31.10.06

oh victor!

J and I finally heard Mr Yew Hong Chow play the harmonica live this at the DVD launch of Tan Pin Pin's Singapore Gaga this evening in Substation's Timbre cafe. A small man who with his hands over his mouth, the harmonica invisible from where we sat, made sounds I've previously thought came from other instruments. Yet he amazed us with his humility. When called on stage to be thanked, Mr Yew thanked the director instead - for raising interest in the harmonica. (Mr Yew's CD will be released next week.)

Despite there being a stage, mics, a host, a reception table and a gift for guests (an old skool condensed milk tin used for takeaway kopi), the event was great for feeling more like a family reunion party of sorts than a DVD launch.

At a large table before the stage were several "uncles" with their Tiger beers, and at a far corner 2 middle-aged ladies and their cautious Cokes. When one of the "uncles" who was featured in the video for their nationalistic songs went on stage, he decided impromptu that he would serenade the crowd with a verse from a 30s Chinese song. And - wait - is that man standing there who I think he is? Victor Khoo!

Ventriloquist Victor Khoo was one of the folks featured in Singapore Gaga. Well, he and his puppet Charlie. Every kid who grew up in the 80s knew Victor and Charlie. They had a one-hour show every Saturday morning. Kids would call in, banter with Charlie, answer a quiz question and win a prize. No villain-crunching mutant hero. No candy-coloured crime-fighting girls. No pocket monsters. Just the voices of Mr Victor Khoo and kids were captured. (Ah, I must confess I called into the show when I was already 10 or 11. How excited I was to be on air! And chatting with Charlie - oh, Victor!)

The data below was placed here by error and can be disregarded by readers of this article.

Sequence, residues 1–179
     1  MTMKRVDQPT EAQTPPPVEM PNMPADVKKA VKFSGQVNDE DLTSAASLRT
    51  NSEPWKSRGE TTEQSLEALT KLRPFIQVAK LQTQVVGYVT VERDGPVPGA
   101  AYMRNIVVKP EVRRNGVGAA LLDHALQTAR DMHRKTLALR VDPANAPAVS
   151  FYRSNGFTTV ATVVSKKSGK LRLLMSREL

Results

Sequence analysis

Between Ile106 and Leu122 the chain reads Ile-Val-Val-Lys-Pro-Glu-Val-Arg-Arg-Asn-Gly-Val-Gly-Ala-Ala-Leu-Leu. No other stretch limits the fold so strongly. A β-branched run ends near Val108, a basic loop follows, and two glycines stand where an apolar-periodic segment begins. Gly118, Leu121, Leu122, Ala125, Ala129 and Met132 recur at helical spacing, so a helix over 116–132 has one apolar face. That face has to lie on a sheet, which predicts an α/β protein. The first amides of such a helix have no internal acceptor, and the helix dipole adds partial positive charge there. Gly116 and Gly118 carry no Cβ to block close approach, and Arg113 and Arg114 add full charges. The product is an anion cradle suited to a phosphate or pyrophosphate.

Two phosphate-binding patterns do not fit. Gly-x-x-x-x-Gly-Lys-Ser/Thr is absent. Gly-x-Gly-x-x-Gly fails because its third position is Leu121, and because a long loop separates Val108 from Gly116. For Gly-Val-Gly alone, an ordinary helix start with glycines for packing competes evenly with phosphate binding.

What remains for me to say now at 2am is this: Go buy The DVD, available now at Kinokuniya bookstore, Objectifs, and Earshot at the Arts House/Old Parliament.

P/S - You can read tym's review of it here, the director's thoughts here, and what us amps felt when we watched it last year.

7 comments:

avalon said...

If I'm not wrong, he wanted to spell Charlie as Charlee, something different. I used to love them as a kid in the 80s.

Anonymous said...

old school!! i remember listening to them on the way home from (forced) piano lessons. possibly the only thing that made up for being made to "waste" my saturday morning in such a way

ampulets said...

hey avalon, thanks, you are right, it's charlee. which is quite singaporean... char lee. haha.

everyone has these victor/charlee memories :>

l&g said...

i remember char lee n victor too, but not the call in for a quiz thing... so you called in.?

E. said...

Your tees are pretty creative. Ever thought of putting out some consignments at shops?

Anonymous said...

Ya actually it is such a great pity that Charlee is not recognised by the Singapore Government as an iconic character for so many, and how he played such a pivotal part in the growing up years for so many Singapore adults today. Oh well...like I always said, if Charlee was
an American puppet, he would be up there today like Mickey Mouse is

Anonymous said...

so true. charlee deserves long overdue recognition as a singaporean icon. kudos also to victor for making charlee so life-like and giving us so many happy memorable hours of laughter.

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